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Mostly Mozart Festival: Caldara, Gluck and Mozart. Soloists / The Sixteen / The Symphony of Harmony and Invention / Harry Christophers (conductor). Barbican Hall, London.  27.07.2006 (ED)

 

Caldara Crucifixus
Gluck Orfeo, Act II Scene 1 (complete) and Ballo, Che  puro ciel and Chorus from Act II Scene 2
Mozart Venite populi
Mozart Mass in C minor

Sally Matthews, soprano
Sarah Connolly, mezzo soprano
Matthew Beale, tenor
Jonathan Arnold, bass

 

This concert in the Barbican’s Mostly Mozart Festival focussed on Mozart in Vienna. Caldara and Gluck served to set the scene and give Wolfgang’s two works some context.

 

Caldara’s Crucifixus is a gift for The Sixteen: intricate of design, complex of inner structure, yet in performance it needs the appearance of simplicity. Assigning a single voice to each of the 16 parts over a chamber organ accompaniment, the work was intimate despite its scale. Most notable in the composition itself was the sense of unity of vocal handling and expression that Caldara aimed at, something Mozart would radically depart from.

 

The extracts from Gluck’s Orfeo emphasised the nature of stage drama as conveyed through opera when performed with energy and zest. As would become apparent later in the programme, these were elements that influenced Mozart’s writing of church music. Sarah Connolly sang firmly, if at times a little under-powered to fully compete with the orchestra and chorus. Harry Christophers directed with his typically no-nonsense approach.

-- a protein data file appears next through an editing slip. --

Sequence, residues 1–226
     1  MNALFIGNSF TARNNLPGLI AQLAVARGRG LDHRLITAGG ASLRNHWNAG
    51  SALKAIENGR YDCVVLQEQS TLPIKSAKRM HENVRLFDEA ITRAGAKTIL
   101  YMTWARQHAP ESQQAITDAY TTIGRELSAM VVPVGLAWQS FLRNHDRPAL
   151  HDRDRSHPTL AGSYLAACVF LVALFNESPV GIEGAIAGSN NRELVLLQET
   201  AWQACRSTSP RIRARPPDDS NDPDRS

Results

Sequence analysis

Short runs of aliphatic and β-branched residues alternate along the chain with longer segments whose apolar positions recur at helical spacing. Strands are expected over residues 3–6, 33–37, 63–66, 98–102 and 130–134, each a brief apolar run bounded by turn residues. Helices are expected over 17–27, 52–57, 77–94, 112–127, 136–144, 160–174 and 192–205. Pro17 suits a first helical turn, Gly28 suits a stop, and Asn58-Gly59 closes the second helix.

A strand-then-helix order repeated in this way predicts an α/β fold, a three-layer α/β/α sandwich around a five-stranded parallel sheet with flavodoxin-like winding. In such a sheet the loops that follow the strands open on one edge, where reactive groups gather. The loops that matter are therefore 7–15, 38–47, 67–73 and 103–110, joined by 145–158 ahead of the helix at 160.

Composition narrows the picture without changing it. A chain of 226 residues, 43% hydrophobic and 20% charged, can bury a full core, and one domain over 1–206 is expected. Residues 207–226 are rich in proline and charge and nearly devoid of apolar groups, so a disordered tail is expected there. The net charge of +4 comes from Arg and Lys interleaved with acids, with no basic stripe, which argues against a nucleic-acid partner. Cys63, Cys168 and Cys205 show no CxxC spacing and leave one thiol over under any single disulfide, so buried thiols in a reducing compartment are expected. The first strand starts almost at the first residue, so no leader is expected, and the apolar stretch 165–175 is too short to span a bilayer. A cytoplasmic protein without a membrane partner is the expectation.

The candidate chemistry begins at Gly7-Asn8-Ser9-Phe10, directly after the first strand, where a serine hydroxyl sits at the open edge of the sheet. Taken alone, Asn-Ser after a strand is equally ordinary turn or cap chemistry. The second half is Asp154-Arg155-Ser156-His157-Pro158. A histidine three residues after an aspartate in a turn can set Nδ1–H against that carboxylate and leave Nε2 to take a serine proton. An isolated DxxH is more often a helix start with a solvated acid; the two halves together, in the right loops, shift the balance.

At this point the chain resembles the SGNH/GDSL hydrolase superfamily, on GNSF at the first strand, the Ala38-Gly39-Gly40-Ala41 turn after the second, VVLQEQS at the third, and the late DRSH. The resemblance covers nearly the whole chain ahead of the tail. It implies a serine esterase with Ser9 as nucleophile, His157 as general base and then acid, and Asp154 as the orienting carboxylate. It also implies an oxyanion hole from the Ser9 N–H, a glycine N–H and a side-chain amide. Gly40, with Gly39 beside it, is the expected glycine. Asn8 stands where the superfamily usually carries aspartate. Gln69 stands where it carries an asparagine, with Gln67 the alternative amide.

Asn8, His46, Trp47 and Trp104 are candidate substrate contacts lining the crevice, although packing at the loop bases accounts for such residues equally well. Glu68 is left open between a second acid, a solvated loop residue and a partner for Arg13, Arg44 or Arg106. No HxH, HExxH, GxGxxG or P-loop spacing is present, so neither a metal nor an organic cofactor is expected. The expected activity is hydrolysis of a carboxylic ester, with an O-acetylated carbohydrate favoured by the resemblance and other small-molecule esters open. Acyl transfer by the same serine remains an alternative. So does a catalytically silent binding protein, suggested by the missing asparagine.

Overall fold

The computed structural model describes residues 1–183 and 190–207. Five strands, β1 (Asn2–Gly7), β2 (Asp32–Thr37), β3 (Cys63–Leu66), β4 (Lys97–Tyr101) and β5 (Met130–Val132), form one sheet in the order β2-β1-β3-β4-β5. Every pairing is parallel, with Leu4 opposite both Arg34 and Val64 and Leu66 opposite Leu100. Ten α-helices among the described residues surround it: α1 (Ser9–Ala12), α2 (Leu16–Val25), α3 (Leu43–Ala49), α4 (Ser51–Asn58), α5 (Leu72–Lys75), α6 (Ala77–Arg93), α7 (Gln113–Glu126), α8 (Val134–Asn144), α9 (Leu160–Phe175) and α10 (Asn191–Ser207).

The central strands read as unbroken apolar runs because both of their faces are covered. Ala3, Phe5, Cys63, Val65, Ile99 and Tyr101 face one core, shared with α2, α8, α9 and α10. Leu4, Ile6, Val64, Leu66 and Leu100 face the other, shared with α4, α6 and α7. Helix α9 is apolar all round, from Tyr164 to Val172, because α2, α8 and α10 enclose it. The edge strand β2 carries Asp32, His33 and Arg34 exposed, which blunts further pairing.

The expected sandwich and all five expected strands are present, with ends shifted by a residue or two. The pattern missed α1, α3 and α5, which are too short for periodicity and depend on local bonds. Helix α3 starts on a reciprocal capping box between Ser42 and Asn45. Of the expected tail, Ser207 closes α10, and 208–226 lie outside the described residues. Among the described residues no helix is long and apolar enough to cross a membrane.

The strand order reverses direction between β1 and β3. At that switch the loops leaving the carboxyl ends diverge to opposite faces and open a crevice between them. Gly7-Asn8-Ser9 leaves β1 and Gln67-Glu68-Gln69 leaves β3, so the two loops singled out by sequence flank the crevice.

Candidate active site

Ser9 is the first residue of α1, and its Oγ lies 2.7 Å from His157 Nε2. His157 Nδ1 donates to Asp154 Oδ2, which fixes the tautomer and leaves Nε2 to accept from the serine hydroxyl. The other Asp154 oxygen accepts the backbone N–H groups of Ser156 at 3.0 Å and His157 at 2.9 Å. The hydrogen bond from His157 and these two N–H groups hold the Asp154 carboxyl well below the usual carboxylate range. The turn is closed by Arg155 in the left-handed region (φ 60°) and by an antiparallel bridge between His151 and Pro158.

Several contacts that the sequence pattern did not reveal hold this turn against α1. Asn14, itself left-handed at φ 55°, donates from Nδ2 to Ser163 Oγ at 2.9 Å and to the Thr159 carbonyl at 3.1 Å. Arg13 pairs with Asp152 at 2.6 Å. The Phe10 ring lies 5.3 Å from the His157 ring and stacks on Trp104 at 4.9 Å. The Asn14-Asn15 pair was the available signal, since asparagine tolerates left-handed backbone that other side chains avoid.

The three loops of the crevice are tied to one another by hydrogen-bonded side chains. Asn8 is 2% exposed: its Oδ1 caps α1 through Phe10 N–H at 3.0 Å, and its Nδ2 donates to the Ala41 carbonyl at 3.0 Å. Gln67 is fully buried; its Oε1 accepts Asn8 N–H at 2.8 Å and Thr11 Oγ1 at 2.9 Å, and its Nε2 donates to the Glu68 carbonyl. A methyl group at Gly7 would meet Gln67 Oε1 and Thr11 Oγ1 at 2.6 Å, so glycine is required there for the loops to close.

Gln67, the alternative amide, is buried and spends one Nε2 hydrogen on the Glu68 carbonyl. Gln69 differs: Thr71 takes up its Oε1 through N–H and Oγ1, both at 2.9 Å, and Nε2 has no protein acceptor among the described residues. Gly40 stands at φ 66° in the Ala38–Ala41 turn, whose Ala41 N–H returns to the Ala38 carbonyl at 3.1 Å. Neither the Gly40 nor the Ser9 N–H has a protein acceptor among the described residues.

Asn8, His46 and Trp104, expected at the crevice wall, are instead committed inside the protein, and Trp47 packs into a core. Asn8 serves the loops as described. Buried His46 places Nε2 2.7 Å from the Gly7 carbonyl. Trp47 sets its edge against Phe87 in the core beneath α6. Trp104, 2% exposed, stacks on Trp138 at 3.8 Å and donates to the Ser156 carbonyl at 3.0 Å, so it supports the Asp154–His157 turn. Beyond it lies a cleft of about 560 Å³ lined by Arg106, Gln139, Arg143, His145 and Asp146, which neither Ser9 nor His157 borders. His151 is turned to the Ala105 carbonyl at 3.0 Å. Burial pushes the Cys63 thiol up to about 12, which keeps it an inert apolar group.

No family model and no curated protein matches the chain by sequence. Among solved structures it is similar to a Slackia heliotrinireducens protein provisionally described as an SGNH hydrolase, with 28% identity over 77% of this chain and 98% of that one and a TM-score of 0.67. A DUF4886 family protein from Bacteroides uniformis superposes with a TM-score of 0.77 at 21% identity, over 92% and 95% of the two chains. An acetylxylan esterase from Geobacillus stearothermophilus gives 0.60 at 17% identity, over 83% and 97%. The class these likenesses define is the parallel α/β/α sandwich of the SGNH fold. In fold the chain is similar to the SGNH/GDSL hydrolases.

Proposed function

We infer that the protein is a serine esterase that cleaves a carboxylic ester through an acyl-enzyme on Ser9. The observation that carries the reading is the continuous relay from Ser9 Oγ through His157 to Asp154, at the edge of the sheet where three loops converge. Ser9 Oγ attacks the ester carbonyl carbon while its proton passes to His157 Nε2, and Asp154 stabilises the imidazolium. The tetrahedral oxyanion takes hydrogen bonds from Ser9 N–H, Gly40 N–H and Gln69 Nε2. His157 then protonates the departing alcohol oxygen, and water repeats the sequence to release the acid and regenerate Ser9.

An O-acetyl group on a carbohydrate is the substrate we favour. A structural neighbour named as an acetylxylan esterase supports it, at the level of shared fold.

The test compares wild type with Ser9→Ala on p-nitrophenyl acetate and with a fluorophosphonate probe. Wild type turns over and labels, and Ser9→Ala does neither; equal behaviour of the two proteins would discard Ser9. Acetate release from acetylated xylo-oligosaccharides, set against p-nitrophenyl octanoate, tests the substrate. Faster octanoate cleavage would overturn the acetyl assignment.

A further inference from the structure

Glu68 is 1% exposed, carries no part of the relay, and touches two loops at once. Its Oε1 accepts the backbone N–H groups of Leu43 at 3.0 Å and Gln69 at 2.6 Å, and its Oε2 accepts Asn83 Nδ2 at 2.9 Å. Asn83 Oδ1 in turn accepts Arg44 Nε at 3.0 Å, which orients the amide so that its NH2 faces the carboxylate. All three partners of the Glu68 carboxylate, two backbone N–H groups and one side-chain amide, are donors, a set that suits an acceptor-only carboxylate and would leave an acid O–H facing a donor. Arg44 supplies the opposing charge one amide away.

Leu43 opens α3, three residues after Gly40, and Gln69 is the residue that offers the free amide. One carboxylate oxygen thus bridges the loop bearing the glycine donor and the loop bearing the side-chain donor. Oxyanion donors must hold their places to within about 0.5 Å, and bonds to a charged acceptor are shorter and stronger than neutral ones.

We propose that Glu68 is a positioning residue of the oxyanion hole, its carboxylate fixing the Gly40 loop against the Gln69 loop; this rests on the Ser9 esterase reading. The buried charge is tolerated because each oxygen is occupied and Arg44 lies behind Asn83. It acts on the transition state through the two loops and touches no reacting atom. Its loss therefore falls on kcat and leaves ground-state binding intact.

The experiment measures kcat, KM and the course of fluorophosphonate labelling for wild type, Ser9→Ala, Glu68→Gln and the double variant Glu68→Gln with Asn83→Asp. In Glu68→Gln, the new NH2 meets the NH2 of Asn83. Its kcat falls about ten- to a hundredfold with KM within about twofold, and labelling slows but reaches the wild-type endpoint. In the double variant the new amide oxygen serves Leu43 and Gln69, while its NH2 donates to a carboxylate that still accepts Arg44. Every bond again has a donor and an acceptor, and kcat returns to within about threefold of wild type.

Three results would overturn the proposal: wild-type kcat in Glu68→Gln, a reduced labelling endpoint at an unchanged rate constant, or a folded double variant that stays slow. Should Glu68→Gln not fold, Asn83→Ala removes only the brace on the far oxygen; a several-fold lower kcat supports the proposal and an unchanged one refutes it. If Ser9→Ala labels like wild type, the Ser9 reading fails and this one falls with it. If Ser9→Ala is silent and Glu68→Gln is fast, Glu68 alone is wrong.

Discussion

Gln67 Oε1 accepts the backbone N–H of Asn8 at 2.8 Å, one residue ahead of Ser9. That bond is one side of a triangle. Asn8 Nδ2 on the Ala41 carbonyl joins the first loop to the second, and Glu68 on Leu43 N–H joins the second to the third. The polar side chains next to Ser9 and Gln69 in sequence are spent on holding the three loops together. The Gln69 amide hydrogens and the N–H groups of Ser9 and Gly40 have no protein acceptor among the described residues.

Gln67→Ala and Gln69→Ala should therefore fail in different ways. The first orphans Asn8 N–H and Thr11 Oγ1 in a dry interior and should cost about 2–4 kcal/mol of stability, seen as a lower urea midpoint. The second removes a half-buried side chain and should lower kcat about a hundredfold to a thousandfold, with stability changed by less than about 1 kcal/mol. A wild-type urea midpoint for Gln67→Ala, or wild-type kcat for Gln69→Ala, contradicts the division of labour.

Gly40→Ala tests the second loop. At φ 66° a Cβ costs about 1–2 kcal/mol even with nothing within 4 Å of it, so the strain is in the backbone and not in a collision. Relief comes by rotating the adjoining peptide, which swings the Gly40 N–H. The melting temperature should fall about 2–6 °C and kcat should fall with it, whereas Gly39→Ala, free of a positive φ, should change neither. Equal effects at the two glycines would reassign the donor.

Mozart’s Venite populi showed to a certain extent the influence of Caldara in the unity of handling that the material was subject to, but altogether larger in scale and ambition was the Mass in C minor. In this work Mozart left his mark on the direction of Viennese church choral writing forever, as he imbued the parts with individuality unlike any composer before him. Christophers’ performance left no dynamic emphasis unemphasised or nuance of textural colouring unexplored. Not for nothing is The Sixteen’s orchestra aptly named The Symphony of Harmony and Invention one felt, if their performances are always this investigative in nature. Surprisingly for the near operatic nature of the solo soprano parts Sally Matthews and Sarah Connolly gave them with simplicity of emotion, although always careful with the music itself. Their voices contrasted well with each other, Matthews’ bright soprano perhaps more willing to catch the limelight, but Connolly hardly less incisive. The rather smaller men’s parts were contributed with confidence by Matthew Beale and Jonathan Arnold. All in all this was as uplifting and invigorating account of Mozart’s great unfinished Mass as one might wish to hear.

 

 

Evan Dickerson


 



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Contributors: Marc Bridle (North American Editor), Martin Anderson, Patrick Burnson, Frank Cadenhead, Colin Clarke, Paul Conway, Geoff Diggines, Sarah Dunlop, Evan Dickerson Melanie Eskenazi (London Editor) Robert J Farr, Abigail Frymann, Göran Forsling, Simon Hewitt-Jones, Bruce Hodges,Tim Hodgkinson, Martin Hoyle, Bernard Jacobson, Tristan Jakob-Hoff, Ben Killeen, Bill Kenny (Regional Editor), Ian Lace, Jean Martin, John Leeman, Neil McGowan, Bettina Mara, Robin Mitchell-Boyask, Simon Morgan, Aline Nassif, Anne Ozorio, Ian Pace, John Phillips, Jim Pritchard, John Quinn, Peter Quantrill, Alex Russell, Paul Serotsky, Harvey Steiman, Christopher Thomas, John Warnaby, Hans-Theodor Wolhfahrt, Peter Grahame Woolf (Founder & Emeritus Editor)